Citation, DOI & article data
Radioactivity, also known as radioactive decay, describes the process of spontaneous breakdown of unstable (or radioactive) nuclides, with the formation of daughter nuclei and release of subatomic particles and/or gamma radiation. A single decay (a.k.a. disintegration) refers to the degradation of one nuclide into another.
Modes of decay
- alpha decay
- beta decay
- electron capture
- spontaneous fission
- isomeric transition
Radioactive decay is a stochastic process, i.e. it is probabilistic, and it is impossible to foresee which specific nuclei will decay. Nevertheless, it can be predicted with a high degree of confidence the proportion of any sample of radioactive atoms that will decay in a specified period of time.
History and etymology
Henri Becquerel (1852-1908) discovered radioactivity in 1896 when studying potassium uranyl sulfate 2. Further early advances were made by wife and husband, Marie Skłodowska Curie (1867-1934) and Pierre Curie (1859–1906), who were co-awarded the Nobel Prize in Physics with Becquerel in 1903. It was Marie Curie who coined the term radioactivity 4.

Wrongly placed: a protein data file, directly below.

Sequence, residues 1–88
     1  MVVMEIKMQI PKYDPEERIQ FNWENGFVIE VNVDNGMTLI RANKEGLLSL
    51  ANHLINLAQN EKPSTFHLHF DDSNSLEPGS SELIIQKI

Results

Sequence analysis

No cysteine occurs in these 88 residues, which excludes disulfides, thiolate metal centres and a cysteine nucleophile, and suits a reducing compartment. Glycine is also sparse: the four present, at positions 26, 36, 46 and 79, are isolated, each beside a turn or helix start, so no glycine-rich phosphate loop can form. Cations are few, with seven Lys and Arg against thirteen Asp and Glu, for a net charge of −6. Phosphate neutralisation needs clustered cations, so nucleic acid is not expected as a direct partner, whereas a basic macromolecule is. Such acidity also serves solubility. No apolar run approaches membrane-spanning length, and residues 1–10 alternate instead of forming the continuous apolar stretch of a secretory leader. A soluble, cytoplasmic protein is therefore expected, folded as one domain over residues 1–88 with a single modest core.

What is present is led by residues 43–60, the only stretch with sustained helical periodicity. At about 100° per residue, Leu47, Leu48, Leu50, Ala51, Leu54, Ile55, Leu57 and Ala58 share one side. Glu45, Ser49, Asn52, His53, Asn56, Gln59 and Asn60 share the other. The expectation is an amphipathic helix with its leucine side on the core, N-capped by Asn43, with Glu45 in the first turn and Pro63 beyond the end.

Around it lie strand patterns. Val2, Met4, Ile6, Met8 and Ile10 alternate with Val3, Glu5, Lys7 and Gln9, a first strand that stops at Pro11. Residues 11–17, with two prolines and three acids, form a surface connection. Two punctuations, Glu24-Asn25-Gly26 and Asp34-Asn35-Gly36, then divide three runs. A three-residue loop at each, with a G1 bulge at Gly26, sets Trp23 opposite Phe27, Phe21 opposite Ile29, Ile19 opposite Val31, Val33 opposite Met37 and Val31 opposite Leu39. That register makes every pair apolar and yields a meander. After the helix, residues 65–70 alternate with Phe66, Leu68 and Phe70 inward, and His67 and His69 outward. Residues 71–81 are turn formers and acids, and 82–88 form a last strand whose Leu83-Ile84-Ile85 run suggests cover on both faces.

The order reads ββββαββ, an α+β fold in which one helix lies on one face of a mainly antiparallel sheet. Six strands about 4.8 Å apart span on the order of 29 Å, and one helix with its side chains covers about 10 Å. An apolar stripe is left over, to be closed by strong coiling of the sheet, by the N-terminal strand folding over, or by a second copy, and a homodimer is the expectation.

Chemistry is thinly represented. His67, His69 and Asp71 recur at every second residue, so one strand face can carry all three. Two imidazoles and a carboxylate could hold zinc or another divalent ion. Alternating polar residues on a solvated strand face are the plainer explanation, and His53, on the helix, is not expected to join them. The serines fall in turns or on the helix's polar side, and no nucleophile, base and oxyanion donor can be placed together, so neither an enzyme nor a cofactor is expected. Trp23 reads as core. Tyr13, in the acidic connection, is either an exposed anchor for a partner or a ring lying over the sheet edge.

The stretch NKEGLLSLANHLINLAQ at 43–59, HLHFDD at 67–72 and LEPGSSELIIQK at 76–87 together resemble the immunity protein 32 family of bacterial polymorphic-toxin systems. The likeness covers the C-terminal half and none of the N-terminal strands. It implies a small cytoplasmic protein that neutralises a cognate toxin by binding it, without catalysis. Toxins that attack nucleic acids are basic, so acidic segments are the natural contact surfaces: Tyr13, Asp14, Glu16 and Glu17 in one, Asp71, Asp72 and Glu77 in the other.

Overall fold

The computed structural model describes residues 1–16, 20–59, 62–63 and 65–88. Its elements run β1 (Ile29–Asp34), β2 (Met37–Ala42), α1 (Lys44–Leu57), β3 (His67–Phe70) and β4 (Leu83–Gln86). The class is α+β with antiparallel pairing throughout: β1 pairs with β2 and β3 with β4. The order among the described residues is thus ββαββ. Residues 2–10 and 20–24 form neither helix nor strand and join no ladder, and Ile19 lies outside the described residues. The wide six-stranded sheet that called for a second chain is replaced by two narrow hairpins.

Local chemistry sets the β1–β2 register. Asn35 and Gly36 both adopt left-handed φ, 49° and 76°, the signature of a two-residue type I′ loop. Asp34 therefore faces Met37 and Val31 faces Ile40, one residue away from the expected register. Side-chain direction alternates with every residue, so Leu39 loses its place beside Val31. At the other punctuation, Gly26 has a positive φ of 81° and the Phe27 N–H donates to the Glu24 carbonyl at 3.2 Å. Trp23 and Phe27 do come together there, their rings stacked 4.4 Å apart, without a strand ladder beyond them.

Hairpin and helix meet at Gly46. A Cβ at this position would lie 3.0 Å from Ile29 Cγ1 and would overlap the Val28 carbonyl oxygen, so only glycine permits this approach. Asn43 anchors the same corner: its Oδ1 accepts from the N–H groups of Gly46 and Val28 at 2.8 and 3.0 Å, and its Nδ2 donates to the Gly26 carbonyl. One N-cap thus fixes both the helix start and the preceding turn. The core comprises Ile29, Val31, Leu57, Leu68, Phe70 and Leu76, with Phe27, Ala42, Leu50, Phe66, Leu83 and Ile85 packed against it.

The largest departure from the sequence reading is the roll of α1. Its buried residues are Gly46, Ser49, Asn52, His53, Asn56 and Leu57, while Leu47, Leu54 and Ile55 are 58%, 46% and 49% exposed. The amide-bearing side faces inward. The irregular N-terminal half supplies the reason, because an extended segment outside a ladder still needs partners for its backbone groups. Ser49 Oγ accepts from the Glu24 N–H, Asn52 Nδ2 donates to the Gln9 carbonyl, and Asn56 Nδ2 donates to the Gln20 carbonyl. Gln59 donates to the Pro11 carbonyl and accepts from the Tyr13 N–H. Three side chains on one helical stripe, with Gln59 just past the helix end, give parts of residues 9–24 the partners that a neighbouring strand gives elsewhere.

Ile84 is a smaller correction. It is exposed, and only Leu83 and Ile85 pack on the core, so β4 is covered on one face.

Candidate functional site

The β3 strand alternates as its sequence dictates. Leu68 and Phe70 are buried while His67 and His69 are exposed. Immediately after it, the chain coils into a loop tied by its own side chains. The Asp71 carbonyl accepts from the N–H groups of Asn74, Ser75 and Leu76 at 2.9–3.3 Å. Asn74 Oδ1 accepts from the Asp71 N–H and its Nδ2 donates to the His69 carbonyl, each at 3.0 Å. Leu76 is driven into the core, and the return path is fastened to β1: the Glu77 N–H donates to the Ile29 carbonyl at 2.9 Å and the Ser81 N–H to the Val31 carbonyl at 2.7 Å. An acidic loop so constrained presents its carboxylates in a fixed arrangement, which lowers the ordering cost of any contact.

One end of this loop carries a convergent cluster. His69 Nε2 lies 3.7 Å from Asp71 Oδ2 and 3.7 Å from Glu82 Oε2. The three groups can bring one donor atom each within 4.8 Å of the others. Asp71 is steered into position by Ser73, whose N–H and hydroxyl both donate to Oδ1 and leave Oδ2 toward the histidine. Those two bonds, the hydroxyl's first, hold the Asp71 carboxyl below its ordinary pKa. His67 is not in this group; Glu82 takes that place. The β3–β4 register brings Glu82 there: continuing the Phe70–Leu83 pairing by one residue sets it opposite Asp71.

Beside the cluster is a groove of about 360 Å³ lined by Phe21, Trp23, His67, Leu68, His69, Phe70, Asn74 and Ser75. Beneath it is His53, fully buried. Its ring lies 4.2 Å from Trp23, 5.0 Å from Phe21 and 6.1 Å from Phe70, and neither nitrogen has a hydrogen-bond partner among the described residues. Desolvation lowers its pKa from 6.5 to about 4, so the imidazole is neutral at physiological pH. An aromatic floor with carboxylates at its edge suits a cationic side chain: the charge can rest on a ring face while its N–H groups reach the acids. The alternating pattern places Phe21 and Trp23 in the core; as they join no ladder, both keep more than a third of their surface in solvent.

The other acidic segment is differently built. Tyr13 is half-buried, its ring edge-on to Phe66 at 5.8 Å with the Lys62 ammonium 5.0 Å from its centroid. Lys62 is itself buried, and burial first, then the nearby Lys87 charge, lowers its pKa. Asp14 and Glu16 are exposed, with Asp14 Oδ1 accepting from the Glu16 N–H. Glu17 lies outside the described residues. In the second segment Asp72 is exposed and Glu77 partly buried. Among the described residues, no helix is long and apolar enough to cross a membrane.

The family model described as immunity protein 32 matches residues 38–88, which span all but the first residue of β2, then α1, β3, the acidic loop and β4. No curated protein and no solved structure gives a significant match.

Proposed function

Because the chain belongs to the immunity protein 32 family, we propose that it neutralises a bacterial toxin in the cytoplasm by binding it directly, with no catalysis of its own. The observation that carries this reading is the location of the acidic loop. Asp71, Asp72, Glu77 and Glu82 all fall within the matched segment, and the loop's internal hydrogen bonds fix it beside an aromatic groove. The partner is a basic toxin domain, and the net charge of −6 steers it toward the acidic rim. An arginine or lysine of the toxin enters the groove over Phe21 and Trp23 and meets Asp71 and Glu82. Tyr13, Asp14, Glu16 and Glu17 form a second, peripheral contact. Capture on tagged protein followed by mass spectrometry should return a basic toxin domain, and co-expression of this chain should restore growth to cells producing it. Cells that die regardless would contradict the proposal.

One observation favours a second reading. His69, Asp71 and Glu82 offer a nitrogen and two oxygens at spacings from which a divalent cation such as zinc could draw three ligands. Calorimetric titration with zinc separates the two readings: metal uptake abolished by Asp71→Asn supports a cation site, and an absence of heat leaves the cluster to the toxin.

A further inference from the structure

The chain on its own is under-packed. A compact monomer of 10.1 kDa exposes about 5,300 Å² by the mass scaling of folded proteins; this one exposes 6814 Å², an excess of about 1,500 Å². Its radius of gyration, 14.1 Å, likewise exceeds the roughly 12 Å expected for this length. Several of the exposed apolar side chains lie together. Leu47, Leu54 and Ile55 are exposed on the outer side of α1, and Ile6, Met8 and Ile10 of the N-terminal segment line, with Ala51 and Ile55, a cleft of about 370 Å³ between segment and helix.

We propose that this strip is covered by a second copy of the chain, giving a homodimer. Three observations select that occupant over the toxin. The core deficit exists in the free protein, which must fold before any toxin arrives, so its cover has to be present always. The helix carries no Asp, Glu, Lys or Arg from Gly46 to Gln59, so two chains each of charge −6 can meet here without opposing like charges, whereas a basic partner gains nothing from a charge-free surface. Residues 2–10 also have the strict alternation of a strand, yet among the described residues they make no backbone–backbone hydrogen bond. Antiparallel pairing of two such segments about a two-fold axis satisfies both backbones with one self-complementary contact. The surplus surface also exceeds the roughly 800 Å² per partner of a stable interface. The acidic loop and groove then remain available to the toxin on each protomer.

- 1. William Alexander Newman Dorland. Dorland's Illustrated Medical Dictionary. (2007) ISBN: 9781416023647 - Google Books
- 2. Gopal B. Saha. Physics and Radiobiology of Nuclear Medicine. (2010) ISBN: 9780387362816 - Google Books
- 3. R. F. Farr, P. J. Allisy-Roberts. Physics for Medical Imaging. (1997) ISBN: 9780702017704 - Google Books
- 4. Mould R. Pierre Curie, 1859–1906. Current Oncology. 2007;14(2):74-82. doi:10.3747/co.2007.110 - Pubmed